When is the use of paralytics indicated for the treatment of acute respiratory distress syndrome (ARDS)?

Updated: Mar 27, 2020
  • Author: Eloise M Harman, MD; Chief Editor: Michael R Pinsky, MD, CM, Dr(HC), FCCP, FAPS, MCCM  more...
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Answer

The use of paralytics remains controversial. Patients with severe ARDS may also benefit from the early use of neuromuscular blocking agents. In a group of patient with severe ARDS (PaO2/FiO2< 120) diagnosed within 48 hours, paralysis with cisatracurium for the next 48 hours was shown to improve 90-day mortality, when compared with placebo (31.6% for cisatracurium vs 40.7% for placebo); increase ventilator-free days; and reduced barotrauma. There was no increased incidence of prolonged muscle weakness in the group that was paralyzed. [39] However, a more recent study in 2019 of patients with a PaO2/FiO2 ratio of less than 150 mm Hg for less than 48 hours did not demonstrate any improvement in mortality, ventilator-free days, or rates of barotrauma. [40] Neuromuscular blocking agents should be used selectively. These agents may be beneficial in patients with very severe ARDS, those who have problems synchronizing breathing with the ventilator, and patients with poor lung compliance.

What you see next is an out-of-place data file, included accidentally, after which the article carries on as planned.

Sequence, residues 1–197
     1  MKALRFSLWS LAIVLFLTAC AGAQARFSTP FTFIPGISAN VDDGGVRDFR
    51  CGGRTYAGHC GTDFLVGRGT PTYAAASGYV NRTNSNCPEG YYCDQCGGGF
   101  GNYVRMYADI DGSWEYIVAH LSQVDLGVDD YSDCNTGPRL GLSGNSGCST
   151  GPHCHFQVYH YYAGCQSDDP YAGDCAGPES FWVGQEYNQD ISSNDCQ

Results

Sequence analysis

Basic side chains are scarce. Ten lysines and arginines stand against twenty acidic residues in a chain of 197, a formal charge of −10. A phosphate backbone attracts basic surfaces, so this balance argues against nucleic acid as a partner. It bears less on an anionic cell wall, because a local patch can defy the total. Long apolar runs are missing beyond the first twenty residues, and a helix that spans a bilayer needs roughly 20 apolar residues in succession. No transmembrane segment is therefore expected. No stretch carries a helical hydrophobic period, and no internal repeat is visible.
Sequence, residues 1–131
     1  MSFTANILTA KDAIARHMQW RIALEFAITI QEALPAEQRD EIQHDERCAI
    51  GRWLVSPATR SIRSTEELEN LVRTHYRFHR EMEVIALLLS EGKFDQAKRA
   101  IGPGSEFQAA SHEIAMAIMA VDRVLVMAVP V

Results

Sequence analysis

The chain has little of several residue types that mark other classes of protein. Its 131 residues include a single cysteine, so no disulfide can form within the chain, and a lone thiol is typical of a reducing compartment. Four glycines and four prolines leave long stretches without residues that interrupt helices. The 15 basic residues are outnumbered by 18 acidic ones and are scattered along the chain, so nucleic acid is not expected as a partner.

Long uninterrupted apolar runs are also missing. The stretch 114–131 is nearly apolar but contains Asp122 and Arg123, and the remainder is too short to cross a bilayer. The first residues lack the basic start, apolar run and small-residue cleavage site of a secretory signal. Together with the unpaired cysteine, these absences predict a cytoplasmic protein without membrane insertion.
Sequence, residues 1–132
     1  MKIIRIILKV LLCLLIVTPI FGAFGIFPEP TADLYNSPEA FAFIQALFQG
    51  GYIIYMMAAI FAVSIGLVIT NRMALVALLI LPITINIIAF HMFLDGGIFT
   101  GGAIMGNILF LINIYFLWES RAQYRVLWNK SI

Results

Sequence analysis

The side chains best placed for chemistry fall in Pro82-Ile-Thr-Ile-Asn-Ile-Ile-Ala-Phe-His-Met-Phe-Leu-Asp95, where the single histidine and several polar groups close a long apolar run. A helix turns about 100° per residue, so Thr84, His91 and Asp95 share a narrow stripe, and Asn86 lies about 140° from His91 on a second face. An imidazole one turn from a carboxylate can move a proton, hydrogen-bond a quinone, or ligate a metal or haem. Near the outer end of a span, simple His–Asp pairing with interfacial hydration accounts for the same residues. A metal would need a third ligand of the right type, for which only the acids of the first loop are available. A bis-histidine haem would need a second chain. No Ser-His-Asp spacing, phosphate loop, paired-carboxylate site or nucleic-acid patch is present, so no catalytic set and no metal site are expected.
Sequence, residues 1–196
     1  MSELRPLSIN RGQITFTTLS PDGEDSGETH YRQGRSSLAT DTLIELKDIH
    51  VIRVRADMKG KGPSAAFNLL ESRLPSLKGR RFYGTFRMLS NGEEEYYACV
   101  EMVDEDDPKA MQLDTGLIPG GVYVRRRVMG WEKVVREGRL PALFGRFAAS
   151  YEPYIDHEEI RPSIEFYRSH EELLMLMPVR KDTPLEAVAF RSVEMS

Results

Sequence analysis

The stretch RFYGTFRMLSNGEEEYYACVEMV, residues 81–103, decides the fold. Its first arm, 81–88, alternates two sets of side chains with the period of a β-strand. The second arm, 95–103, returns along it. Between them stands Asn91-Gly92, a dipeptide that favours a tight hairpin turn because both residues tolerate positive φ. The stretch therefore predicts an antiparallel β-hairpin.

Managing physicians should not use paralytics in all cases; rather, they should use them only in those where length of ventilation is expected to exceed a few hours. Patients should not remain ventilated for longer than it takes for the paralytics to have their effect. The duration of paralysis will depend upon the condition. [39]


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